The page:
Saturday, March 11, 2017
Weekly Overseas Health IT Links – 11th March, 2017.
Note: Each link is followed by a title and few paragraphs. For the full article click on the link above title of the article. Note also that full access to some links may require site registration or subscription payment.
Artificial intelligence and cognitive computing is being heralded as the brave new frontier of clinical IT, Kim Thomas reports on how it is already beginning to reshape radiology imaging and diagnostics.
Editor, Digital Health
IBM chose December’s annual meeting of the Radiological Society of North America to showcase the ability of its Watson supercomputer to rapidly analyse medical images and suggest a diagnosis. Mark Griffiths, a clinical radiologist at University Hospital Southampton NHS Foundation Trust, who attended RSNA, says he saw some “stunning demonstrations” of the technology, including chest X-rays being “reported in milliseconds.”
Watson is an example of a technology that IBM refers to as “cognitive computing”. Using a form of artificial intelligence known as natural language processing, Watson, a cloud-based system, is able to analyse vast stores of scholarly articles, patient records and medical images. (When IBM acquired Merge Healthcare in 2015, it gained access to the company’s database of 30 billion images.) This ability to interpret written language is what marks Watson out as different from other computer-based tools used to aid diagnosis.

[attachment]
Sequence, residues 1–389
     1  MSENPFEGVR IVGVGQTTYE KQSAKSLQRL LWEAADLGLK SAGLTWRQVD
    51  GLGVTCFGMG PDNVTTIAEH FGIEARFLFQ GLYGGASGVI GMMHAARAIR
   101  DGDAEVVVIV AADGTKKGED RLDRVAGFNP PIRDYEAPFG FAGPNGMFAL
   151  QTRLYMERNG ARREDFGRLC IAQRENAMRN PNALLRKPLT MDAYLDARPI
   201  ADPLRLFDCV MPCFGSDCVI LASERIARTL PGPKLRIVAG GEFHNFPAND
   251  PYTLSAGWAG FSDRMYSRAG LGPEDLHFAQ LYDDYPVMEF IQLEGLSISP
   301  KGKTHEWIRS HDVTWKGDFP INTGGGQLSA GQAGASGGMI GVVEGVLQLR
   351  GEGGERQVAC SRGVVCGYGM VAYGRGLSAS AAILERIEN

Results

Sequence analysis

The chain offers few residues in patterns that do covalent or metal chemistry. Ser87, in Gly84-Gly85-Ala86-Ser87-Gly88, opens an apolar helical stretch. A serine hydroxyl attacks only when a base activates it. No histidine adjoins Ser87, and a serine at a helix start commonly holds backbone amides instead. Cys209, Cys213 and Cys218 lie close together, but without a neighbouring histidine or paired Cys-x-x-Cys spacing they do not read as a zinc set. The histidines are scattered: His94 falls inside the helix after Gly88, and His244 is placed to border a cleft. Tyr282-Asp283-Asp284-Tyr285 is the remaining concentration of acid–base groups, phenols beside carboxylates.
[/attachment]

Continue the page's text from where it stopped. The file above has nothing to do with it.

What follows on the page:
Not enough radiologists to meet demand
In England, the volume of radiology images taken has increased at the rate of 3.6% a year for 20 years, and there are not enough radiologists to meet demand. Could Watson – and other AI tools – provide a solution to the problem of overstretched radiology departments? And – as some fear – could it replace radiologists altogether?
by Matt Kuhrt
Mar 3, 2017 9:24am
Almost 9 in 10 healthcare organizations surveyed by Aruba reported that they had already suffered an IoT-related security breach.
The healthcare sector sees the potential for big benefits in the Internet of Things (IoT), but security remains a major concern.
Objects that connect to the internet and share data have become widespread among organizations generally, according to a new study published by Aruba, part of Hewlett Packard Enterprise. Among sectors surveyed in the study, healthcare’s implementation of IoT lagged only the enterprise and industrial sectors, with 60% of healthcare organizations using the technology worldwide.
Computational biologists are starting to develop user-friendly platforms for analysing and interpreting genetic-sequence data.
28 February 2017
For doctors trying to treat people who have symptoms that have no clear cause, gene-sequencing technologies might help in pointing them to a diagnosis. But the vast amount of data generated can make it hard to get to the answer quickly.
Until a couple of years ago, doctors at US Naval Medical Research Unit-6 (NAMRU-6) in Lima had to send their sequence data to the United States for analysis, a process that could take weeks — much too long to make pressing decisions about treatment. “If all you could do was get the data that you then have to ship to the US, it's almost useless,” says Mariana Leguia, who heads the centre's genomics and pathogen-discovery unit.
But Leguia no longer has to wait for the analyses; she can get results in days or even hours — and she can do them in her own lab. Her unit makes use of EDGE (Empowering the Development of Genomics Expertise), a bioinformatics tool that hides common microbial-genomics tasks, such as sequence assembly and species identification, behind a slick interface that allows users to generate polished analyses. “We can have actionable information on site that allows us to make decisions very quickly about how to go forward,” Leguia says.